There’s a wide range of lactose intolerance, with some people having no tolerance for dairy, while others can manage to digest foods like hard cheeses or yogurt, she says.

It’s fairly common to notice the signs of lactose intolerance appear as you get older, says Christine Lee, MD, a gastroenterologist at Cleveland Clinic in Ohio.

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“This enzyme production can decrease over time in some people, so most people can experience some degree of lactose intolerance as they get older,” Lee says. You can also become lactose intolerant if you have an illness, infection, or take a medication that affects the bowels or intestines.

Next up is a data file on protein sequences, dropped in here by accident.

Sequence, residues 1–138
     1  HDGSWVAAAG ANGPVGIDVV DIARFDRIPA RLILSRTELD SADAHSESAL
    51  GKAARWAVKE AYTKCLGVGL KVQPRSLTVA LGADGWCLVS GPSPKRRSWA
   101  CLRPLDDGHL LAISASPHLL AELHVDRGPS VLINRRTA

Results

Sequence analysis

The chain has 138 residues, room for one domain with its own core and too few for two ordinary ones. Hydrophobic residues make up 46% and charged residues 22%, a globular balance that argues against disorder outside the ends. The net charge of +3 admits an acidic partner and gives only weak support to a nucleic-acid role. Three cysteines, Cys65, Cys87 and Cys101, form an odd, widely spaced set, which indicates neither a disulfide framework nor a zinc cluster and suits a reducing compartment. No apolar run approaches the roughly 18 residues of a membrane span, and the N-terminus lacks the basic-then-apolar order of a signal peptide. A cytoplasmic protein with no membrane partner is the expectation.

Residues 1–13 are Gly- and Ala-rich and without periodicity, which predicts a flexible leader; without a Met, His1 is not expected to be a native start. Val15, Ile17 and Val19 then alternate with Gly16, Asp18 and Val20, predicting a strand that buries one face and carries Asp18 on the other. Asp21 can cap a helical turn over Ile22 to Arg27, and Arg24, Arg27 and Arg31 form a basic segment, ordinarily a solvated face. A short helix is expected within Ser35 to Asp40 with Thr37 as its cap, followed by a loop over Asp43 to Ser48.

These conditions can also cause you to develop lactose intolerance later in life:

  • Crohn’s disease
  • Ulcerative colitis (UC)
  • Celiac disease
  • Injury or trauma to your small intestines

What Can Trigger Symptoms?

Foods. Any dairy foods or drinks can have lactose, so read food labels carefully. These foods or ingredients may trigger symptoms:

  • Cheese
  • Whey
  • Milk by-products
  • Dry milk
  • Butter
  • Curds
  • Ice cream
  • Heavy cream
  • Cottage cheese
  • Cheese spreads
  • Yogurt

Look for milk in ingredients lists in baked goods, chocolate candies, sauces, instant mashed potatoes, pancakes, or milk-based meal replacement or protein shakes. Even non-dairy coffee creamer or whipped toppings may contain some lactose.